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What to Serve the Family This Holiday Season: 'Green Eggs and Ham'
November 26, 2019  | By Monique Nazareth

When I first sat down to watch Green Eggs and Ham (Netflix), I felt a bit like the guy in the book: doubtful that I would like it. I wasn't convinced there would be enough of a plot there to hold not only my attention but that of my 8-year-old son. What I found was a series that had the whole family around the TV.

The 1960 Dr. Seuss classic has only 50 different words in it. But it was very memorable, quotable, and it pushed the idea that trying something new regardless of your own doubts is worth the risk. It was apparently that idea that the producers of this series went with. Including Executive Producer Ellen DeGeneres, who told Variety earlier this month that she considered Dr. Seuss to be the first rapper.  "I think it's his simplicity," DeGeneres said. "I dont know; it reminds everybody of their childhood, so these are feel-good stories… It's the kind of thing that parents are going to want to watch with their kids because it makes them feel good, too."

The trick was how to take this story and not only make it into a 13-part series but an engaging one, appealing to all ages and yet stayed true to the aesthetic of its iconic author. That was quite a mandate for writer, co-executive producer and showrunner Jared Stern. Stern has a history of really creative and compelling story writing. Among his credits, The Lego Batman Movie and The Lego Ninjago Movie, both of which are family favorites in my house. He also provided additional story material for Wreck-It Ralph and The Princess and the Frog.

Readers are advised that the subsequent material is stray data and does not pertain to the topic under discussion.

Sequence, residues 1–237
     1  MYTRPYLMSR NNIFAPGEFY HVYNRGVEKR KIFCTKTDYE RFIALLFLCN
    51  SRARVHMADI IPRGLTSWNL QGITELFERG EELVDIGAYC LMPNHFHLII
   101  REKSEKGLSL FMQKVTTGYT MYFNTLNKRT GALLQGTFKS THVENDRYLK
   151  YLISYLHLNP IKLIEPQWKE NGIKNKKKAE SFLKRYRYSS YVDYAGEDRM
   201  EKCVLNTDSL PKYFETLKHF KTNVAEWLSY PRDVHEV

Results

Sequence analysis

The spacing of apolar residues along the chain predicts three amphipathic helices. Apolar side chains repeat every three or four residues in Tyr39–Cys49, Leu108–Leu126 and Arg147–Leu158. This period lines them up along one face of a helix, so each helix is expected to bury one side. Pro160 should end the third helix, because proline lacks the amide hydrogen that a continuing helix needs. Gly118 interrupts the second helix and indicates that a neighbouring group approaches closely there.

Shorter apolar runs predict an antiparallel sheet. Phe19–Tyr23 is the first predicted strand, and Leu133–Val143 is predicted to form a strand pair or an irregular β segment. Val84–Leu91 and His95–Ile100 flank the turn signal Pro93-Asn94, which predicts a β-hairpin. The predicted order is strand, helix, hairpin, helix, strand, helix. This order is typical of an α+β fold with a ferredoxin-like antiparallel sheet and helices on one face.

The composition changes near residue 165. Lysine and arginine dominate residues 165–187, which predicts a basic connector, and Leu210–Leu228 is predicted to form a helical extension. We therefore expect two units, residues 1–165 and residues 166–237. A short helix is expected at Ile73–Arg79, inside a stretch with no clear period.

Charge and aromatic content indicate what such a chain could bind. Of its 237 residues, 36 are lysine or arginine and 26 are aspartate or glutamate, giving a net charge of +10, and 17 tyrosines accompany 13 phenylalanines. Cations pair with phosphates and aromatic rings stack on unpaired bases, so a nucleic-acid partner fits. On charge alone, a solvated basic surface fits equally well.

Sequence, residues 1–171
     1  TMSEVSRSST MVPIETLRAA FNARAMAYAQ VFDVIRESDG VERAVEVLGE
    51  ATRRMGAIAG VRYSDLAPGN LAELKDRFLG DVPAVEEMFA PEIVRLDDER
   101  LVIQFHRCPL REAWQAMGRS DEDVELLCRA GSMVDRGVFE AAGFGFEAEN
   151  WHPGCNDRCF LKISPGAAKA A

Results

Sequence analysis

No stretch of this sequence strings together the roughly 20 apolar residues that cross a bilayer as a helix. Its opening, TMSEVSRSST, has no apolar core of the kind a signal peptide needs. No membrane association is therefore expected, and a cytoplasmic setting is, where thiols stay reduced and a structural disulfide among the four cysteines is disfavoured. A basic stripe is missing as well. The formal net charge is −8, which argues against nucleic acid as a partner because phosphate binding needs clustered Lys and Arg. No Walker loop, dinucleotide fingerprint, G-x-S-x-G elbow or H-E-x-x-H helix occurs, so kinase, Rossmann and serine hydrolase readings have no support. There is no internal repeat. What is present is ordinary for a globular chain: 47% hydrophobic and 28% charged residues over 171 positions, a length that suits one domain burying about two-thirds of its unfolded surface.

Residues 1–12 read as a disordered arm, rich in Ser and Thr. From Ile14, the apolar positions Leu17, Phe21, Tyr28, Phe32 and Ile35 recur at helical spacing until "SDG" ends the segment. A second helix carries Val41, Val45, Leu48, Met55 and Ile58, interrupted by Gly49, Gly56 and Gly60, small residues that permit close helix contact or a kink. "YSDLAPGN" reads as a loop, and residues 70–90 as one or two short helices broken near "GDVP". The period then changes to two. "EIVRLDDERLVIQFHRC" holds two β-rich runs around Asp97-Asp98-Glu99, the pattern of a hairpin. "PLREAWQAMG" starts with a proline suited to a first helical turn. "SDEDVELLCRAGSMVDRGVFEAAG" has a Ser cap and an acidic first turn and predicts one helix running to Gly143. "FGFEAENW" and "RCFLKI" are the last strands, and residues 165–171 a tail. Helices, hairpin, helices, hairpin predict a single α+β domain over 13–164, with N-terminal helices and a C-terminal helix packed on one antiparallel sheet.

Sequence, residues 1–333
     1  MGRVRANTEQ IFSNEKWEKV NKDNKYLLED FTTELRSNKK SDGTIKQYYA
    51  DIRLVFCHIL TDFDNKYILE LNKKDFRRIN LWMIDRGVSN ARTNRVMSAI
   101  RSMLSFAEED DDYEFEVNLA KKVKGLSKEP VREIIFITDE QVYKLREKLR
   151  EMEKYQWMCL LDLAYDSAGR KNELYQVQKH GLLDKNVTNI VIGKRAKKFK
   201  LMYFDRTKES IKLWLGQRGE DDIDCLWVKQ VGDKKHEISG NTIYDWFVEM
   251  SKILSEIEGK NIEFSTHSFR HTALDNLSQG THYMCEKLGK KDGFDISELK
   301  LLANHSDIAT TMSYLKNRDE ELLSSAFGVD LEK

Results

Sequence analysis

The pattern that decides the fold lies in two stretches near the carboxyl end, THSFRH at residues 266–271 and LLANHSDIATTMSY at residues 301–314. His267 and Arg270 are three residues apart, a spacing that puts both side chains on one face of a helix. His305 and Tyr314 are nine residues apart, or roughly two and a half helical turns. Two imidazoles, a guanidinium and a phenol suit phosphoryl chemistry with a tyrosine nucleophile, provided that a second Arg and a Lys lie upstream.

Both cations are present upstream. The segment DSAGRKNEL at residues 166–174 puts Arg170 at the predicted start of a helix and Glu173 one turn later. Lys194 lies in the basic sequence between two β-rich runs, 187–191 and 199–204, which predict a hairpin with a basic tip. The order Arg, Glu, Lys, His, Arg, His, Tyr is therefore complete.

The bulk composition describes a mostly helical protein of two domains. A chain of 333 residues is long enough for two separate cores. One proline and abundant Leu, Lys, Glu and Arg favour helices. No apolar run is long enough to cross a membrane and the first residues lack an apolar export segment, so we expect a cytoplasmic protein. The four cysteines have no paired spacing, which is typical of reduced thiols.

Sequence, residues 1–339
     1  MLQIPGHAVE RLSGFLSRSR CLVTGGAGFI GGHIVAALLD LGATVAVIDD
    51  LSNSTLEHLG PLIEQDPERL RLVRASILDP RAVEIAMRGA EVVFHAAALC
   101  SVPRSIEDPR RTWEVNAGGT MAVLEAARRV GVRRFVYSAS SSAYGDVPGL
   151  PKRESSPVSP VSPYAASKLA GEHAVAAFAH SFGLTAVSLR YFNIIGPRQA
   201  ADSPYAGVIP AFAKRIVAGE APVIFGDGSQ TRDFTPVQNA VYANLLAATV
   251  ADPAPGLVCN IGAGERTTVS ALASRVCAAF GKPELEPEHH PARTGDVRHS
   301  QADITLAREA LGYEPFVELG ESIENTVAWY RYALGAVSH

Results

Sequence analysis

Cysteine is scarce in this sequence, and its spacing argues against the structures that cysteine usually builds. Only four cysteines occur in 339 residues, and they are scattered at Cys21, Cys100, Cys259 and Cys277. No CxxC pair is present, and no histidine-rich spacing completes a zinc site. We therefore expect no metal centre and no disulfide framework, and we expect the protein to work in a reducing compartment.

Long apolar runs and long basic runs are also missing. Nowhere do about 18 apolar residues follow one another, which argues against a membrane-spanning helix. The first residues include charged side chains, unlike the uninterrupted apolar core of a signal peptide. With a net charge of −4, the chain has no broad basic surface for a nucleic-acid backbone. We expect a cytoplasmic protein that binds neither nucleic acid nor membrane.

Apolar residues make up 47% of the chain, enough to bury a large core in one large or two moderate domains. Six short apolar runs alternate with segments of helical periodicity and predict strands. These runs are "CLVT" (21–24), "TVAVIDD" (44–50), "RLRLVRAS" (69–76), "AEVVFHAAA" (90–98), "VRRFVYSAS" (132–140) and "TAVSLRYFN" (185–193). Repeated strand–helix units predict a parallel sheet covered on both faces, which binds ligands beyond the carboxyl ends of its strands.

So here's what he had to work with. In the book, Sam-I-am, who loves green eggs and ham, is pushing the unnamed guy to try them. He refuses, but can't get away from Sam-I-am. They end up in various odd situations with all kinds of other animals, and Sam-I-am constantly pushes this guy to try the green eggs and ham, and he refuses. Finally, tired, wet, and worn out, the guy tries them and realizes he likes them. We have no idea why Sam-I-am loves this dish so much, what his relationship is to this guy, nor why the guy refuses to try something new. And that was fine, for the book.